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2/21/17 Show feat. Lantern Jack, host of Ancient Greece Declassified, on Ancient Cosmological Models

Featured image: Figure of the heavenly bodies. An illustration of the Ptolemaic geocentric system by Portuguese cosmographer and cartographer Bartolomeu Velho, 1568 (Bibliothèque Nationale, Paris). [Wikipedia]

This show is full of science news from “hidden hearing loss,” to tracking the intensity of the Earth’s magnetic field using ancient pottery, to cognitive dissonance and How to convince someone when facts fail. Plus science events in the area including a These Vibes Are Too Cosmic live show at Taplin Auditorium at Princeton University on Friday, February 24th. It’ll be all about the Science of Memory.

In the primary segment of the show, Stevie spoke with Princeton graduate researcher in classics and host of the podcast Ancient Greece Declassified, Lantern Jack (pseudonym), came on the show to discuss ancient cosmologies. Lantern Jack began with ancient Greece, where the geocentric model reigned and where we have the best, early models of the universe (that we know of).

We discussed geocentric and heliocentric models, how the first calculations of the size and distance to the Moon and the Sun were made, and mused about whether there were or weren’t lenses available.

Then, towards the end of the show Lantern Jack told us a bit about the Antikythera mechanism – believed to be an early analogue computer and actually physical cosmological model, recovered from a shipwreck in 1901.


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1/10/17 Show feat. Tamara Patton on Virtual Reality in Nuclear Arms Control and Ingrid Ockert on Arming Mother Nature

Featured image: Dinosaur feather trapped in amber. Ryan McKellar, Royal Saskatchewan Museum
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Tamara Patton, Nuclear Futures Lab

In this week’s installment of These Vibes, we spoke with Tamara Patton, doctoral researcher at the Woodrow Wilson School at Princeton and in the Nuclear Futures Lab, on her work using emergent technologies, specifically virtual reality, in nuclear arms control. She also delves in to the prospect of nuclear proliferation and arms control under the Trump presidency and the upcoming nuclear weapon ban treaty taking place this March at the UN.

For more background on the topic of nuclear weapons, listen to our past shows with Sébastien Phillipe on verification technologies and Julien de Lanversin on nuclear archaeology. In the show, Tamara recommends checking out the Bulletin of Atomic Scientists if you’d like to stay up to speed on this topic.

Science historian Ingrid Ockert begins by mentioning a relevant piece by Alex Wellerstein in the Washington Post describing the very few obstacles to President Donald Trump utilizing the US’s store of nuclear weapons, should he want to. It’s a good read.

Next, Ingrid discussed the book Arming Mother Nature: The Birth of Catastrophic Environmentalism, by Jacob Darwin Hamblin. Ingrid describes how the discovery of climate change and global warming has its root in military weaponization of nature.

Additionally, Ingrid informed us that an award-winning film about nuclear futures, Containment, can currently be found on the PBS website.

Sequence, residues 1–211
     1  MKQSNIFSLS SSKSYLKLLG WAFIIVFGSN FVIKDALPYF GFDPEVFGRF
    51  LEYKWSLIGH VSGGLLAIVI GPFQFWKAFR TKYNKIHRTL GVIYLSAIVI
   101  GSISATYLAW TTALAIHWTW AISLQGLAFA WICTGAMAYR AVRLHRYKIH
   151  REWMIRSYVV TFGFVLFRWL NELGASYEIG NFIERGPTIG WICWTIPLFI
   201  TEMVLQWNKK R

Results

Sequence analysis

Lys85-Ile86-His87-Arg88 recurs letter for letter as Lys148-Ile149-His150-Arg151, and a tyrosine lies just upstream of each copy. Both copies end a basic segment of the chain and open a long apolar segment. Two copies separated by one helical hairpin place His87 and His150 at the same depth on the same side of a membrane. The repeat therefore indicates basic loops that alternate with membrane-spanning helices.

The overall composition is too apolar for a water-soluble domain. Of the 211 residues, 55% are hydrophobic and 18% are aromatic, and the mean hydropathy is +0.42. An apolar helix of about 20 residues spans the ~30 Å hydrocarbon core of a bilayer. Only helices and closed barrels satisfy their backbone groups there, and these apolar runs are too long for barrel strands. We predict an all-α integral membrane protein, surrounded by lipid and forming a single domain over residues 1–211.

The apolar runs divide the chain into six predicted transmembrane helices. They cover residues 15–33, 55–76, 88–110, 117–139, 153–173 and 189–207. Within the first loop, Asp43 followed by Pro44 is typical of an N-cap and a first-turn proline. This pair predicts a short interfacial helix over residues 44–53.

As usual, at the start of the show we told tale of some science events in the NJ area and science news:

Thank you for listening!


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12/13/16 Show feat. Thomas Macrina on Connectomes and Kasey Wagoner on the Equivalence Principle

Featured image is from Eyewire the connectome project run by Sebastian Seung at Princeton University.

Image in the Mixcloud embed above is from the Human Connectome Project at the University of Southern California.

This show is a little different. The plan was to have author and professor Patrick Phillips on for the first hour, alas there had to be a rescheduling at the last minute. Instead we will be interviewing Patrick Phillips on his book Blood at the Root at the end of next month (January 2017), so stay tuned.

Hour 1: Lots of music and some science news, including self-driving cars.
Hour 2: Thomas Macrina on machine learning, neuroscience, and mapping our brain – our connectome.
Hour 3: Kasey Wagoner, lecturer in physics at Princeton, on the bedrock scientific principle called the Equivalence Principle. In this discussion, Kasey tells us about the history, the principle’s importance, and current tests.


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11/1/16 Show feat. Sébastien Phillipe on nuclear arms verification and disarmament, plus the physics of baseball and how the Columbia peace deal is affecting ecologists

Zero-knowledge object-comparison set-up. In our discussion with Sébastien Phillipe, these are the “detectors” filled with flourocarbon droplets floating in gel. (What bubbles when hit by neutrons.) Image Credit: (c) Nuclear Futures Laboratory

¡¡Currently having trouble embedding the Mixcloud stream. In the mean time you can listen here.!!

Pt 1: Introduction to the show and the physics of baseball with Kasey Wagoner, lecturer in physics at Princeton University and member of the Atacama Cosmology Telescope collaboration. Kasey described the physics behind the curve in the curveball, and why knuckleballs are so hard to hit (and catch). Additionally, there’s a physical explanation for what baseball players call the “sweet spot” on a bat.

Pt 2 (at 1 hour in): Interview with Sébastien Phillipe, graduate researcher in applied physics and member of the Nuclear Futures Laboratory at Princeton University. Sébastien

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Sébastien Phillipe

is an expert in the topics of nuclear weapons non-proliferation, arms control, and disarmament. We discussed his dissertation research on an experimental setup to make use of something called the “zero knowledge proof” to solve an acute problem in nuclear disarmament — verification. Listen in to learn more.*

This interview was a kind of part 2 to our earlier interview with Julien de Lanversin on nuclear energy, arms, and policy. That show would provide good background on this interview with Sébastien, but it’s necessary. I highly recommend giving it a listen.

For further reading, in the show we mention a New Yorker article featuring Sébastien Phillipe and his graduate adviser, Professor Alex Glaser. Though we had trouble with the analogy for the zero knowledge proof that was used in the piece, it’s a great article.

Additionally, Stevie mentions a recent NPR piece on the current state of US-Russia relations which is relevant to these discussions on nuclear arms and verification.

Pt 3 (2.5 hours in): Brief interview with Lizzie Wade, Latin America correspondent for Science magazine, discussing her recent piece on how the Colombia peace deal affects ecologists and biologist who wish to study the nation’s biodiverse countryside. (Unfortunately, the article is behind a paywall, but if you happen to be a subscriber, you should be able to find it by looking for “Colombia peace deal blow dismays ecologists.”)

Trust, but verify.